Two years ago, 72-year-old Sister Marie Richard Eckerle, School Sisters of Notre Dame (SSND) bought a copy of Bookworm for a computer at St. Mary of the Pines, a community for retired SSND in Chatawa, Mississippi. She was a fan of the video game, and her enthusiasm soon spread among her community members. She recalls, "It quickly became popular with so many others that we knew we'd better get more copies!"
Now St. Mary of the Pines owns a dozen more copies of Bookworm and has expanded their collection to include other "casual" video games, such as Bejeweled and Chuzzle. The games have become a regular -- and important -- part of daily life at St. Mary of the Pines. Staff and residents use them not only for entertainment, but also as a means of encouraging socialization and mental stimulation.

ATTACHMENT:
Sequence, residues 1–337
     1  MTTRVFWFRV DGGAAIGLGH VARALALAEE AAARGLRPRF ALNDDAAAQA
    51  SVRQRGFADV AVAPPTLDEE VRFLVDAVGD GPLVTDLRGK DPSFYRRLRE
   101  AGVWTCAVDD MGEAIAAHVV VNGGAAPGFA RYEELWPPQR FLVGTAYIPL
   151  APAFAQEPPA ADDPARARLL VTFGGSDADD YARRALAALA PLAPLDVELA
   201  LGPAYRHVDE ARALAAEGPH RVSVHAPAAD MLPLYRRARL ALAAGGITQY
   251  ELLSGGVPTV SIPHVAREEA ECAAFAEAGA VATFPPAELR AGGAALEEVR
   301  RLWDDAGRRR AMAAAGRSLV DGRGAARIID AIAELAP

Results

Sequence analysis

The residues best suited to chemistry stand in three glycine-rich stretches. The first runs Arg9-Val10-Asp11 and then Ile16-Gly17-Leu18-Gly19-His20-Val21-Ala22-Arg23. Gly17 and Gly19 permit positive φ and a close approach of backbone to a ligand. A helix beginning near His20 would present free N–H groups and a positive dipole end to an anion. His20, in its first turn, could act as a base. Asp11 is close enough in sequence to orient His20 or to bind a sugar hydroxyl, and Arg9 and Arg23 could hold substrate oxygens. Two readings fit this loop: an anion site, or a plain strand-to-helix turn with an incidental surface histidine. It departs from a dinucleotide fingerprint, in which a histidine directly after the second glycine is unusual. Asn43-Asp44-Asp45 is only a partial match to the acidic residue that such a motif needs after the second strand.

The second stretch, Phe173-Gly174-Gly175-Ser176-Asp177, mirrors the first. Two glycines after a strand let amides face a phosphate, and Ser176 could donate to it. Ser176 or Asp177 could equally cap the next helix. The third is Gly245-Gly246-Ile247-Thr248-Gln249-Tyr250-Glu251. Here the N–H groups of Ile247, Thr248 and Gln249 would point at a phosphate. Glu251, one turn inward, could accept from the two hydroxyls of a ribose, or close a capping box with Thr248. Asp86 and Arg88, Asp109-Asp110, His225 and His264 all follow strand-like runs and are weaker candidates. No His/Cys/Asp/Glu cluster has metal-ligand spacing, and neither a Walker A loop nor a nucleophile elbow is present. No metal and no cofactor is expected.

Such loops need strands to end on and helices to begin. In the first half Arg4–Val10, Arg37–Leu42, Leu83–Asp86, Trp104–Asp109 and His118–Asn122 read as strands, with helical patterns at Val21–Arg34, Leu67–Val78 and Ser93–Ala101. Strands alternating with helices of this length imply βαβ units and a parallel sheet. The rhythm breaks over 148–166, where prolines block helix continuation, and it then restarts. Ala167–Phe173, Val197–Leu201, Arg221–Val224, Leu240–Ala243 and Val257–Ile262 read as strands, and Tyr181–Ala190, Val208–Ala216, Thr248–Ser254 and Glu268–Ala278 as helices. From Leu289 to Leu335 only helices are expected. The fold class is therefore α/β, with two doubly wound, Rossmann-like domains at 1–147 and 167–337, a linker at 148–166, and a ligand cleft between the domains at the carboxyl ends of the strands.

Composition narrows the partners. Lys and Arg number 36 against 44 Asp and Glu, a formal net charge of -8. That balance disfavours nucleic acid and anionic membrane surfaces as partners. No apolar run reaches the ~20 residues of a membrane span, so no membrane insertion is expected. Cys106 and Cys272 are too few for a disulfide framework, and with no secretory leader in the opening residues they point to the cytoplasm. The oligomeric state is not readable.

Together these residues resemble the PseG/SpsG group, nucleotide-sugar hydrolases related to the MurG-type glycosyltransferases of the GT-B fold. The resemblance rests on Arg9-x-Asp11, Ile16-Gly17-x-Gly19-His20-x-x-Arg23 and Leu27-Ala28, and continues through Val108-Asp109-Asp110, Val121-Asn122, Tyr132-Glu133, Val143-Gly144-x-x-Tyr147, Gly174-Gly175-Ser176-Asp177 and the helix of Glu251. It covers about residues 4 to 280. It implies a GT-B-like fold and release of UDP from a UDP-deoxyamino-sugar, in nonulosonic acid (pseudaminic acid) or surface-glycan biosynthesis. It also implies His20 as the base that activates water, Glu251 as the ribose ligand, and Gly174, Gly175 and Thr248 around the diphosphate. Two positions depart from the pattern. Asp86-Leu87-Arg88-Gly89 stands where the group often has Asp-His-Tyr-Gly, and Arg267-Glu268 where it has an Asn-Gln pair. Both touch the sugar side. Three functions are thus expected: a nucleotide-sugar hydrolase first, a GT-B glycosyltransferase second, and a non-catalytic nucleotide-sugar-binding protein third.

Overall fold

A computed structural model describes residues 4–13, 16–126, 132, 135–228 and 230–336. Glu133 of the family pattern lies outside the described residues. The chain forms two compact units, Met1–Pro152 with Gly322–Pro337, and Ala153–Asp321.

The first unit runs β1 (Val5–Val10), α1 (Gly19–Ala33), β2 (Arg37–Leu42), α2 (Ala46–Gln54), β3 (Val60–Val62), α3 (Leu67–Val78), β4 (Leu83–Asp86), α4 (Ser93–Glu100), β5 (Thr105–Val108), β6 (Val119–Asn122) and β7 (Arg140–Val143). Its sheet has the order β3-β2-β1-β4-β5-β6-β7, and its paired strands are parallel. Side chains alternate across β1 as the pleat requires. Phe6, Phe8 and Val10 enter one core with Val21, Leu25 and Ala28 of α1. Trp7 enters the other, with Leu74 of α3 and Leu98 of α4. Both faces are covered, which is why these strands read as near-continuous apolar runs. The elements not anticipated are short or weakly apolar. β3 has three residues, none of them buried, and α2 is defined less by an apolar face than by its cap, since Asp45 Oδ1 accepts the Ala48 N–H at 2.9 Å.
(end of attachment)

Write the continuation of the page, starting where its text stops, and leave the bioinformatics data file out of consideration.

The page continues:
The St. Mary of the Pines story is not so unusual. It mirrors the astonishingly broad movement of older consumers toward family-friendly, non- violent puzzle, word and action fare-so-called "casual" video games. According to the latest industry data, more than 50 million consumers age 50 and above now play these casual games on a regular basis. From the mental and even physical health benefits, to the sense of accomplishment and social interaction and bonding opportunities with both peers and children/grandchildren, older consumers have found a lot to like in casual games.